The use of this prologue clearly announces to us the film’s major concern with the way radio affects the course of social life. It previews other themes and motifs as well: the role of luck in everyday life; and the strange collision of different worlds (citizen and criminal) via the radio.
Segment 2: Introduction/Exposition
Expositions in fiction introduce for us all the important elements of the story we need to know – time, place, the names and basic traits of the major characters. Major themes are also introduced – most clearly, the theme of two distinct worlds (everyday family life and the mythic world of radio showbiz), and the ways they interact. Allen’s reflective voice-over narration keys us into other important themes, such as the permanence or impermanence of memory.
Segment 3: The Masked Avenger Ring Story
The previous segment has teased us to wait for this anecdote. It is a little allegory (or symbolic tale) of the gap between myth (the voice/character on the radio) and reality (the weedy actor) – an important and recurring theme in the film.
Segment 4: Aunt Bea’s Romances – the Martian Invasion Story
Here is a classic case of an iterative narrative thread – Bea will have many men, we are meant to assume they are all much the same, and that she has much the same disillusioning experiences with each of them. This story ‘stands in’ for all the other, untold Aunt Bea stories. Theme-wise, Bea’s attachment to an impossible romantic ideal is (like all the normal characters’ dreams) fed by the radio. Note how this segment gives us a first, comic statement of a motif that will later become serious: the cutting-into the flow of both everyday life and radio fantasy by a shock news bulletin (which here, of course, is just another piece of showbiz fantasy).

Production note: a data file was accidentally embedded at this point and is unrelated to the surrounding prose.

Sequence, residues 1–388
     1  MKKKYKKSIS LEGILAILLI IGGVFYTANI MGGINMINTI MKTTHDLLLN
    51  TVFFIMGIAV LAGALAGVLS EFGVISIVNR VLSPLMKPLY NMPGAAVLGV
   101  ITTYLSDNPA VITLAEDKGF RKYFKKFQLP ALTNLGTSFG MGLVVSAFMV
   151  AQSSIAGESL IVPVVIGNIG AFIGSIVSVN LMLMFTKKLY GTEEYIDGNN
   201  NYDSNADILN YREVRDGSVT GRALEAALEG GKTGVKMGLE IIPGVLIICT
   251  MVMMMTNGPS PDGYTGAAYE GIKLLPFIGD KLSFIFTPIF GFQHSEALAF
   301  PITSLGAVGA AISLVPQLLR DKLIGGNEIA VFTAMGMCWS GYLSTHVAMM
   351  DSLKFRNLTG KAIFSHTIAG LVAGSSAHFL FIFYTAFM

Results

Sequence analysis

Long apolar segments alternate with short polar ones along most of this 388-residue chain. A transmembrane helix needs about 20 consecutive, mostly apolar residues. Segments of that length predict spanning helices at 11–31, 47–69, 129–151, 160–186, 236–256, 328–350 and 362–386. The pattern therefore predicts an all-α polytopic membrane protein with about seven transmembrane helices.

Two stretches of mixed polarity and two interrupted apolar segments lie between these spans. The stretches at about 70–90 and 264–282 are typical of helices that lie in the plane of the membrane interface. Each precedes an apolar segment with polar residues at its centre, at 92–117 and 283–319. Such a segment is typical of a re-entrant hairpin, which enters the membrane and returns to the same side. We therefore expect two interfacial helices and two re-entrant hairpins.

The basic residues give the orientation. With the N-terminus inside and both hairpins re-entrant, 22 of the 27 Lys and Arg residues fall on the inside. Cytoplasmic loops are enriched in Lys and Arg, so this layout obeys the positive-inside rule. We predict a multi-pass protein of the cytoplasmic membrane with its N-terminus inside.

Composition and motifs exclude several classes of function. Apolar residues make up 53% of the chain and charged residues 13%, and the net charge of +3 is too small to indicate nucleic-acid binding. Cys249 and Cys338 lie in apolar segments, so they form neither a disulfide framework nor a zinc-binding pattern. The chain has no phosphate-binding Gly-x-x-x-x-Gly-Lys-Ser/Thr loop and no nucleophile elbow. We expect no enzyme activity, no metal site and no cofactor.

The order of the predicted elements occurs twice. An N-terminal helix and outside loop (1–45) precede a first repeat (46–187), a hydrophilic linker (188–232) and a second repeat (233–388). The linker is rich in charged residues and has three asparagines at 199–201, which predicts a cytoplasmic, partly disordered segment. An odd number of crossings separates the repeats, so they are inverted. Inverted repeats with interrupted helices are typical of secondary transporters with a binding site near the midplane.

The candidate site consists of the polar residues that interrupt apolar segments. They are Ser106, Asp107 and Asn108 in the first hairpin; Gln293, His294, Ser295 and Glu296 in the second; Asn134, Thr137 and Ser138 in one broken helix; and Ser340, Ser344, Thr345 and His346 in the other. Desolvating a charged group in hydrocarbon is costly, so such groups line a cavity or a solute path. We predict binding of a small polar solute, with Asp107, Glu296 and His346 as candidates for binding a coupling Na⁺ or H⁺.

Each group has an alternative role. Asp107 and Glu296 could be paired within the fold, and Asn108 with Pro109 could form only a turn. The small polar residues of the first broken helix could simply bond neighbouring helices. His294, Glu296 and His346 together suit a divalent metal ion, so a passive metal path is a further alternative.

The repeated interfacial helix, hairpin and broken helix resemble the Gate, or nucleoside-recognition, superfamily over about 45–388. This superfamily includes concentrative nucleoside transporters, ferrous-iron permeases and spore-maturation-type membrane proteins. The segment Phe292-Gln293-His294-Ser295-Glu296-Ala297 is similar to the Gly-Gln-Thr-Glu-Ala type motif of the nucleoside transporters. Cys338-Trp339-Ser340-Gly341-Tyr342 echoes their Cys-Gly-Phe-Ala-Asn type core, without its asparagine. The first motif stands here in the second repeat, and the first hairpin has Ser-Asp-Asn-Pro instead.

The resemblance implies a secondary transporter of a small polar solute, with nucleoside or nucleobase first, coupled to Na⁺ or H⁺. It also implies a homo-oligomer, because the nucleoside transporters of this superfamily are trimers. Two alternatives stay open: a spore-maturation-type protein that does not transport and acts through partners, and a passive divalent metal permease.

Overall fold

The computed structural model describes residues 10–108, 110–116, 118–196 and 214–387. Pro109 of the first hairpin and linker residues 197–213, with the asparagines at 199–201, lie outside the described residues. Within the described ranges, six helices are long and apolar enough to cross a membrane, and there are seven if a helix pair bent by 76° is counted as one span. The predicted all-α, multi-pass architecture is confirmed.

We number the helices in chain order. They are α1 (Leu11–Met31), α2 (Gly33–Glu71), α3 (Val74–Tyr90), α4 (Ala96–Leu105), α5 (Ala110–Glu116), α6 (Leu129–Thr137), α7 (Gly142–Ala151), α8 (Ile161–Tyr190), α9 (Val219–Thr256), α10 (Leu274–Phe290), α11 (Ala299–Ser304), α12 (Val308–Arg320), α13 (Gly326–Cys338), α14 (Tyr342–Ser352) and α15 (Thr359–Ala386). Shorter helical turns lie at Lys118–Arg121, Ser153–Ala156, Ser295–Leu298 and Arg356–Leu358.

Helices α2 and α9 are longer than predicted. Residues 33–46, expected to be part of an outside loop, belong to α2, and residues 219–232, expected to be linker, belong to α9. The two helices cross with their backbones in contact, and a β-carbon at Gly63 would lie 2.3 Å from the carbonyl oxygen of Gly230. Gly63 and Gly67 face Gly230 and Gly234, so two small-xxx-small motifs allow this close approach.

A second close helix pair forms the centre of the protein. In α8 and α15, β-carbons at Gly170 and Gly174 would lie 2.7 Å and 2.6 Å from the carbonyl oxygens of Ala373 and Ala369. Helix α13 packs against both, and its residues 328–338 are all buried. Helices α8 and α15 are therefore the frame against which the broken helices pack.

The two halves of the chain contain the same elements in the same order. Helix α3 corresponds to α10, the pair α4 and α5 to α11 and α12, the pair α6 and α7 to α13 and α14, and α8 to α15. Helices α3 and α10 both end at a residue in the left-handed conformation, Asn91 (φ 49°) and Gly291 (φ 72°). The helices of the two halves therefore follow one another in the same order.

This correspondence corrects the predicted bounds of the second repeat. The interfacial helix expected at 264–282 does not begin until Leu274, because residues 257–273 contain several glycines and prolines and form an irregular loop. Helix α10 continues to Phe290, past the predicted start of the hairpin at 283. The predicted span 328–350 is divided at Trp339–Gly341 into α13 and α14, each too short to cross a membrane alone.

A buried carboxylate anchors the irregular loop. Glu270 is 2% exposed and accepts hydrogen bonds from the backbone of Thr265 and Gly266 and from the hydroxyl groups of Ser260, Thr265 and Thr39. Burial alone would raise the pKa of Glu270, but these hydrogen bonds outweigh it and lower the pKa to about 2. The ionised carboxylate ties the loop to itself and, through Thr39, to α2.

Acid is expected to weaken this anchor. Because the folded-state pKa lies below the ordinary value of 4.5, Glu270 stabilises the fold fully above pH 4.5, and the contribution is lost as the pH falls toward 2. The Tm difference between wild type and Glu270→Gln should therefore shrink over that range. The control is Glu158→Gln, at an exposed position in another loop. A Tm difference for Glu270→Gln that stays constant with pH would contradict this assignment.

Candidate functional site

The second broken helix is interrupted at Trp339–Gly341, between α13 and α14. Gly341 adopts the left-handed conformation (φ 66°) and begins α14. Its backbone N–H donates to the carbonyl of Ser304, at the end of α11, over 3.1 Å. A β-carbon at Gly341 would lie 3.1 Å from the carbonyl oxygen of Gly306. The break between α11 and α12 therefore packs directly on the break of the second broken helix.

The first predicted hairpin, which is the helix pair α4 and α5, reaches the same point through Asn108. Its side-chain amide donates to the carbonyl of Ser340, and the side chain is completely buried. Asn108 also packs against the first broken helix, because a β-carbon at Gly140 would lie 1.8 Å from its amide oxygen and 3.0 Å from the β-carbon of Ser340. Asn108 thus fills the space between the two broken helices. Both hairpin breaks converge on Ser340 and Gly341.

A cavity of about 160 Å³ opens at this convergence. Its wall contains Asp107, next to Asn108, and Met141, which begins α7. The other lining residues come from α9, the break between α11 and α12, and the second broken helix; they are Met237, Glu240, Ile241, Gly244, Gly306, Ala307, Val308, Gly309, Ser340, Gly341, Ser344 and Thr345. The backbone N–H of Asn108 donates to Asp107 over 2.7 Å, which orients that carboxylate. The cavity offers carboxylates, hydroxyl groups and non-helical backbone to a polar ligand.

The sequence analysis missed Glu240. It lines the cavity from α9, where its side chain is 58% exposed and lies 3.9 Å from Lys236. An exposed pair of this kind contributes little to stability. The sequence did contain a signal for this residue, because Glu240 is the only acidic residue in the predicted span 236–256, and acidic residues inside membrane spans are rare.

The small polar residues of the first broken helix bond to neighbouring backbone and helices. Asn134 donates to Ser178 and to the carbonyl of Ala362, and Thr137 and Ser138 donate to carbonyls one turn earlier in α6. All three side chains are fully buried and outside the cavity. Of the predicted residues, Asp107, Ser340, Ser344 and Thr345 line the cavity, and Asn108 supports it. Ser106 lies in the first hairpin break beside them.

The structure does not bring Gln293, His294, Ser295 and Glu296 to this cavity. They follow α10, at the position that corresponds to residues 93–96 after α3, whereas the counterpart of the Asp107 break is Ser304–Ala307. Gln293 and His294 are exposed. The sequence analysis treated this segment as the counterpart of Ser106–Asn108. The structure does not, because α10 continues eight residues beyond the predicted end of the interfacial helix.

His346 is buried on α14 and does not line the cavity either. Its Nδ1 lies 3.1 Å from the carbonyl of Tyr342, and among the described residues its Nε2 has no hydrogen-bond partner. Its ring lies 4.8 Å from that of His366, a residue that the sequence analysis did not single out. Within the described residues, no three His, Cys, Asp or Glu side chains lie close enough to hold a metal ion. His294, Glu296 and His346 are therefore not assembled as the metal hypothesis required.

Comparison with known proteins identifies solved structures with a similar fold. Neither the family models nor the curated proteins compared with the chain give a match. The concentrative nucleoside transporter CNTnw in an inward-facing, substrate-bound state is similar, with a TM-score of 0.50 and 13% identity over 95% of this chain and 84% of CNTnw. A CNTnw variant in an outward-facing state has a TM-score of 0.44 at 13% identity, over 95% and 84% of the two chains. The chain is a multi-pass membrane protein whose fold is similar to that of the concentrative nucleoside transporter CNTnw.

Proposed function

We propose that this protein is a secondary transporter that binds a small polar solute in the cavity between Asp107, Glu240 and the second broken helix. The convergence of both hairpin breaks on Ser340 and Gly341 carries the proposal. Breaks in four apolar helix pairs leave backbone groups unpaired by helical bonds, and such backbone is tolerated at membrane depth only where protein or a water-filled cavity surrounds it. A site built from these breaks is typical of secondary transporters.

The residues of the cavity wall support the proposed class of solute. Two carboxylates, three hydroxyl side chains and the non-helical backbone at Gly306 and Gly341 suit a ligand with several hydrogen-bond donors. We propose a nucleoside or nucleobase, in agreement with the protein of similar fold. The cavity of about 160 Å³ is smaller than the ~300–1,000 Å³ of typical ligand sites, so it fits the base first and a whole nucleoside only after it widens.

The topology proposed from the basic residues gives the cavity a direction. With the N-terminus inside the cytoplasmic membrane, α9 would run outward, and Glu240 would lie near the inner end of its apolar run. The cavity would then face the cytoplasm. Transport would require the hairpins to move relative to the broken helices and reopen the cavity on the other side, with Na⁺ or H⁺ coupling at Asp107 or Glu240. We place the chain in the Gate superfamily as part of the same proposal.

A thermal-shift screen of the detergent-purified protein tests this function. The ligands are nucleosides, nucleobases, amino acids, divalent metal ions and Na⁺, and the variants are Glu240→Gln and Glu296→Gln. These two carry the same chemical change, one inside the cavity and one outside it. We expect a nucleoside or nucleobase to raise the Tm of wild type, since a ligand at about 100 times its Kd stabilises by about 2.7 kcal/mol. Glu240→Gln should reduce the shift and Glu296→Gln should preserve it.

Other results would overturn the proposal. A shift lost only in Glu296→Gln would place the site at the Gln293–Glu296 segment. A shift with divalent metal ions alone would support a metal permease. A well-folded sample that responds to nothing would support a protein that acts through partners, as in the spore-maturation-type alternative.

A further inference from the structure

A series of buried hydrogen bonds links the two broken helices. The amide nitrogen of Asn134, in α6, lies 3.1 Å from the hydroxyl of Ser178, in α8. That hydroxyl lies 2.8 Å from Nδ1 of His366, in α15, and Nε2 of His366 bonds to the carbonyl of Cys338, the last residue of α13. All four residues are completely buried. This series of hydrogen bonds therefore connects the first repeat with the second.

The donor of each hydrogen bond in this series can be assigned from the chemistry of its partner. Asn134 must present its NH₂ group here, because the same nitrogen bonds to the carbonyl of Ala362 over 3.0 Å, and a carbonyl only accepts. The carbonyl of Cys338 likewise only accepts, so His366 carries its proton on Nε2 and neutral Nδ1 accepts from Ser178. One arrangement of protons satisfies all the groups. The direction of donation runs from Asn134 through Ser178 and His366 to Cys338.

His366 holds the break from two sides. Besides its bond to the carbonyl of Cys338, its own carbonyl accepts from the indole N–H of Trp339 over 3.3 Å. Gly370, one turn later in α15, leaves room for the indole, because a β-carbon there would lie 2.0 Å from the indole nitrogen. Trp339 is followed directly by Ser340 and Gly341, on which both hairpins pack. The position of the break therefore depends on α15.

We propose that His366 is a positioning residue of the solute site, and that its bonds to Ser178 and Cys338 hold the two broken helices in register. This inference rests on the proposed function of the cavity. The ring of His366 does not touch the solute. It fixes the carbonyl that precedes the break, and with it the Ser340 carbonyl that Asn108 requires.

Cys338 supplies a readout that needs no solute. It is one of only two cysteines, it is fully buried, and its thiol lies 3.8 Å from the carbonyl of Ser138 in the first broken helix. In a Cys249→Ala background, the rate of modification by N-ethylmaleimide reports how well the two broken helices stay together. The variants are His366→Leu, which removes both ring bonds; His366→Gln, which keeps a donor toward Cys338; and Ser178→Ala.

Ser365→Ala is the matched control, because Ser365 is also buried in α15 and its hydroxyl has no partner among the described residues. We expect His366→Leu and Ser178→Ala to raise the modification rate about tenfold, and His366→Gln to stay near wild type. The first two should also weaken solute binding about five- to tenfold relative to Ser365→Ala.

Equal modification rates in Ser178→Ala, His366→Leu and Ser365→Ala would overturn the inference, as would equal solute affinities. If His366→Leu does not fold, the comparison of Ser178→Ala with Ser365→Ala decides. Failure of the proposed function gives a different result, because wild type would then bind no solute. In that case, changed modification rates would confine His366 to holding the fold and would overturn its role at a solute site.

Segment 5: The Story of Roger, Irene and Sally
Sally (Mia Farrow) is an important symbolic character in the film, for the changes in her fortune chart her upward mobility through different, distinct worlds, thus showing how these worlds interrelate. This segment continues the theme of the discrepancy between myth (Roger and Irene the perfect, happy, sophisticated couple) and reality (furtive rooftop trysts). Note the playful way the narration refers to the ‘several possible versions’ of the ending of this story.
Segment 6: The People Next Door
This brief, strange segment is perhaps about the power of radio to fascinate, lull and seduce – called over by the radio next door into an unfamiliar, non-Jewish world, one character returns a completely changed man! (Presumably, he reverts to his old self just as fast.) Note the completely surreal embedded story in this segment.
Segment 7: Favourite Radio Shows
This is a segment full of rich cultural detail about the place of radio in people’s very distinct tastes and experiences. Four shows cue four different ways of relating to/living with radio. The segment concludes with the only occasion on which the real family world and the mythical radio world collide – when the family bumps into the wiz kid.